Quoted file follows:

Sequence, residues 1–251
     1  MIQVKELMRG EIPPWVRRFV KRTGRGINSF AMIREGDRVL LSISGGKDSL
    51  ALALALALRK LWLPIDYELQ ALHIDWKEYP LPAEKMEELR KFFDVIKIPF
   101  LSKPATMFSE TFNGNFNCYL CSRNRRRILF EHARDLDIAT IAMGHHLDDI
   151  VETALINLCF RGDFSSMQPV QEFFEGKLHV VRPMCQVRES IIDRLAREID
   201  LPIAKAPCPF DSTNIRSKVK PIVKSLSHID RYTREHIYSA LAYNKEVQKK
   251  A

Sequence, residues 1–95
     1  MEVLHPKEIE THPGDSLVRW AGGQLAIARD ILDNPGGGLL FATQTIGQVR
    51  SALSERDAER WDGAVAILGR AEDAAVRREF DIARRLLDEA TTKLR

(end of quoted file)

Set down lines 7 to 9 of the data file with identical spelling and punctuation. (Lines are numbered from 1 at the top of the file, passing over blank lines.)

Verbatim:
   251  A

Sequence, residues 1–95
     1  MEVLHPKEIE THPGDSLVRW AGGQLAIARD ILDNPGGGLL FATQTIGQVR